Keeping Your Family Safe Outdoors

Summertime means more time outside, and that’s a good thing for both kids and adults. It also means making sure your family is safe from concerns that aren’t a problem other times of the year. The Centers for Disease Control and Prevention (CDC) have tips to keep your family safe outdoors dealing with:

Sun Safety

When it comes to sun safety, the primary concern is exposure to ultraviolet (UV) light, which causes most cases of melanoma, the deadliest kind of skin cancer. Excessive exposure to UV light as a child can show up as skin cancer as an adult, so early precautions to protect your child’s skin now can pay off in the future. The CDC recommends protecting skin by:

  • Seeking shade, especially during late morning through mid-afternoon.
  • Wearing clothing that covers your arms and legs.
  • Wearing a hat with a wide brim that shades your face, head, ears, and neck.
  • Wearing sunglasses that block both UVA and UVB rays.
  • Use sunscreen with SPF 15 or higher and both UVA and UVB (broad spectrum) protection.
  • Remember to reapply sunscreen at least every 2 hours and after swimming, sweating, or toweling off.

The CDC has additional information on each of these points.

Mosquito and Tick Bites

Mosquito and tick bites are not just painful annoyances, but potential sources of diseases like West Nile Virus(mosquitos) and Lyme disease(ticks). While both of these diseases are relatively rare, occurrences both West Nileand Lyme diseasein Illinois have increased significantly in the last 15 years. The CDC’s recommendations for protecting yourself and your family from mosquito and tick bitesinclude:

  • Use an EPA-registered insect repellentcontaining DEET, picaridin, IR3535, Oil of Lemon Eucalyptus (OLE), Para-menthane-diol (PMD), or 2-undecanone. When used as directed, EPA-registered insect repellents are proven safe and effective, even for pregnant and breastfeeding women.
  • Do not spray insect repellent on skin under clothing.
  • If you are also using sunscreen, apply the sunscreen first and insect repellent second.
  • Don’t use insect repellent on babies younger than 2 months old, and don’t use repellents containing OLE or PMD on children under 3 years old.
  • Wear long-sleeved shirts and long pants.
  • Check for ticks on yourself, your child, and your pet after being outdoors, especially if they have been near taller grasses and plants.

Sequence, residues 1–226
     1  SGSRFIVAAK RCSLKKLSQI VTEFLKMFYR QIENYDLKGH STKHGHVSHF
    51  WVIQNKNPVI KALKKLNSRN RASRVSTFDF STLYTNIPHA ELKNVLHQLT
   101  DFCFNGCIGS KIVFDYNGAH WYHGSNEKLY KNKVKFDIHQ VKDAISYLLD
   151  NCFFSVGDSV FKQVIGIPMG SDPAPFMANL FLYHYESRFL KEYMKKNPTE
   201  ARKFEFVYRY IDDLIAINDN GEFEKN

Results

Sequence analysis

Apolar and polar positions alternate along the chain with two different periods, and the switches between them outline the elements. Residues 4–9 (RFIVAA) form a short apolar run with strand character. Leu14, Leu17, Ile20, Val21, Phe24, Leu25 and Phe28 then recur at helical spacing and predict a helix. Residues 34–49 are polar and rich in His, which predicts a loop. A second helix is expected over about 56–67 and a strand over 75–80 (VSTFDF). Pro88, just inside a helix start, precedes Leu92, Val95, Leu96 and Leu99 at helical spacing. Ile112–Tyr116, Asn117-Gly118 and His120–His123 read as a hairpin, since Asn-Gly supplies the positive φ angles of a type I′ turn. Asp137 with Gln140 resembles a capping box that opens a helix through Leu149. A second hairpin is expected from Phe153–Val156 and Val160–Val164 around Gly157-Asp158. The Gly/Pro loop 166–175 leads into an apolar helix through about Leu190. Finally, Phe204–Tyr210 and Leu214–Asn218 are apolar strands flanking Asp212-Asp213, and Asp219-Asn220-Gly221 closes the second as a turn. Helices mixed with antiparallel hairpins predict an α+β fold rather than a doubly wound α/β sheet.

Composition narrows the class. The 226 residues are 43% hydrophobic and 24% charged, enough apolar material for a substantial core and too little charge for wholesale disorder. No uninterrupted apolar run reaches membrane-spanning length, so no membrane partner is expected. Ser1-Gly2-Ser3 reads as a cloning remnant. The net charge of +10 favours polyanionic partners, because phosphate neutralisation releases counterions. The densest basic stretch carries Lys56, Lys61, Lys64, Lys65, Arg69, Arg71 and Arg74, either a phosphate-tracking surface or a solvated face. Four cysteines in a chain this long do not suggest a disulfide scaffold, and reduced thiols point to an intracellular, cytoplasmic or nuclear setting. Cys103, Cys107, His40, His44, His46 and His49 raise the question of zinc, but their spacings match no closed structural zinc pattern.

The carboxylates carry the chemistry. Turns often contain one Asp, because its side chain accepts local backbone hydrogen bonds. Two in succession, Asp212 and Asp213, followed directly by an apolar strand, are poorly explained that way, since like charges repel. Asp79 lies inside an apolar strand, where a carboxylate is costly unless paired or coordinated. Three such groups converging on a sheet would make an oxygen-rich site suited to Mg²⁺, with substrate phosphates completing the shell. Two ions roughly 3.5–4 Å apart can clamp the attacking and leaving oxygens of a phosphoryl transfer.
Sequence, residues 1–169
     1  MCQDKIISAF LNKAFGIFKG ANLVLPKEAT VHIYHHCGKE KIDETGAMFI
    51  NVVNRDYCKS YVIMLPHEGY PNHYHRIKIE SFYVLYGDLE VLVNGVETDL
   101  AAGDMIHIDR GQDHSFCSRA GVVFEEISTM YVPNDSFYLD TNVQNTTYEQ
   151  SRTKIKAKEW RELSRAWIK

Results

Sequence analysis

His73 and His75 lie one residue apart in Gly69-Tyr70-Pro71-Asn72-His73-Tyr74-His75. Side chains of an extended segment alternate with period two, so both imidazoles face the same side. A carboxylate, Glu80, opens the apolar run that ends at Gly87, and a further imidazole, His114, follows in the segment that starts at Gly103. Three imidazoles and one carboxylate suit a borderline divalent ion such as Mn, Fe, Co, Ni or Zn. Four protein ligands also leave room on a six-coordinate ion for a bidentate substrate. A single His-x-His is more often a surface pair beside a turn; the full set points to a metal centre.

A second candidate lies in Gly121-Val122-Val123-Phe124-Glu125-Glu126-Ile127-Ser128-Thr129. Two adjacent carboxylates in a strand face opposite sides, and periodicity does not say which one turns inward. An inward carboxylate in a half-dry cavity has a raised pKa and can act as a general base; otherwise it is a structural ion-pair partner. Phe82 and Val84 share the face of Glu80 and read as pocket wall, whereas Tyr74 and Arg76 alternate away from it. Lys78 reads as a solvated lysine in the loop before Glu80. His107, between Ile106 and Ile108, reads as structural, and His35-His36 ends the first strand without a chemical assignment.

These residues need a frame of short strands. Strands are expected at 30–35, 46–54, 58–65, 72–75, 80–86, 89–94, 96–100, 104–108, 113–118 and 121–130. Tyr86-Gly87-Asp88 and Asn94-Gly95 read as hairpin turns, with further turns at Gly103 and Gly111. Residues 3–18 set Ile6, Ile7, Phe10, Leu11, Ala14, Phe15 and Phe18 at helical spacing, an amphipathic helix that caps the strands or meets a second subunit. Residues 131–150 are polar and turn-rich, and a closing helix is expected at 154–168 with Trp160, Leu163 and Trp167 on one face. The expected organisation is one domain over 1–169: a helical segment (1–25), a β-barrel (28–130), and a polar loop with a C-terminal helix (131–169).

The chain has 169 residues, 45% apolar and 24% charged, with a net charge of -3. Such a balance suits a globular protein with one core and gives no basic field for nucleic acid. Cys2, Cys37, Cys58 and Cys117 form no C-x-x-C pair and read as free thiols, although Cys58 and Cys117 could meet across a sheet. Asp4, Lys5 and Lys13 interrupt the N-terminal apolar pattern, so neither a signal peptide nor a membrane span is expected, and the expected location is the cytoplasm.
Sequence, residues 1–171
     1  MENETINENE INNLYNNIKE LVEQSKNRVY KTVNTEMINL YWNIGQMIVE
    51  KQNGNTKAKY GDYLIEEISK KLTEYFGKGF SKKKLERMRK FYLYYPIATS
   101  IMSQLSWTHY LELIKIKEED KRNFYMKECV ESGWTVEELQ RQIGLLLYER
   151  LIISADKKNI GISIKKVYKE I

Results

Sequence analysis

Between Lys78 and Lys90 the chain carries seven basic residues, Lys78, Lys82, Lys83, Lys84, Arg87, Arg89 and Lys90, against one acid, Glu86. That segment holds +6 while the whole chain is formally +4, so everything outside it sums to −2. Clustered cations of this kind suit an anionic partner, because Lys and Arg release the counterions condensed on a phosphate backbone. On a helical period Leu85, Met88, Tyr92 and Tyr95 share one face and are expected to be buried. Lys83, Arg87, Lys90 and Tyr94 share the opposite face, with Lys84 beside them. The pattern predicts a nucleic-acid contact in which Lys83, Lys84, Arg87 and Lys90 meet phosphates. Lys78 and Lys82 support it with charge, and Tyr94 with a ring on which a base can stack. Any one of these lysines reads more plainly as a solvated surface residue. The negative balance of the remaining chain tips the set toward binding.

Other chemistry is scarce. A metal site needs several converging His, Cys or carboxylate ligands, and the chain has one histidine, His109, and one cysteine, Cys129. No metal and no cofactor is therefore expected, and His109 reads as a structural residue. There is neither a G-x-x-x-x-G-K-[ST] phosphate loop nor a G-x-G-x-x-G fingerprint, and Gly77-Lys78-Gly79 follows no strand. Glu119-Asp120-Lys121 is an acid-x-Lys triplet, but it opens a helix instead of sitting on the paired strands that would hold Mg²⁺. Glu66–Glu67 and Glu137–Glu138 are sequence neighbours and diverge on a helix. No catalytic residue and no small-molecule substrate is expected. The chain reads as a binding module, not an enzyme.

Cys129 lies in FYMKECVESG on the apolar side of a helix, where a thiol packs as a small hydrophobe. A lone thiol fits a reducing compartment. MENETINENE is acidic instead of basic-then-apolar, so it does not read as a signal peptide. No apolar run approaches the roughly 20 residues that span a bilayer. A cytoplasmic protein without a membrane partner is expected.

If you, your child, or your pet should pick up a tick, the CDC has instructions on how to safely remove it.

Poisonous Plants

The primary poisonous plants that people worry about in the United States are poison ivy, poison oak, and poison sumac. The old saying “Leaves of three, Let it be!” is a helpful reminder for identifying poison ivy and oak, but not poison sumac which usually has clusters of 7-13 leaves. Even poison ivy and poison oak may have more than three leaves and their form may vary greatly depending upon the exact species encountered, the local environment, and the season. Being able to identify local varieties of these poisonous plants throughout the seasons and differentiating them from common nonpoisonous look-a-likes are the major keys to avoiding exposure. Check out the CDC page for pictures to help you identify these plants.

All three of these plants release an oil, called urushiol, when the leaf or other plant parts are bruised, damaged, or burned. When the oil gets on the skin an allergic reaction, referred to as contact dermatitis, occurs in most exposed people as an itchy red rash with bumps or blisters. When exposed to 50 micrograms of urushiol, an amount that is less than one grain of table salt, 80% to 90% of adults will develop a rash. Burning these poisonous plants can be very dangerous because the allergens can be inhaled, causing lung irritation. Exposure to urushiol can come from:

  • Direct contact with the plant
  • Indirect contact, such as touching tools, livestock, or clothing that have urushiol on them
  • Inhalation of particles containing urushiol from burning plants

The CDC has information on how to identify exposure to a poisonous plant and how to treat it.

Photo © 2010 by Stefan Jacobsunder Creative Commons license.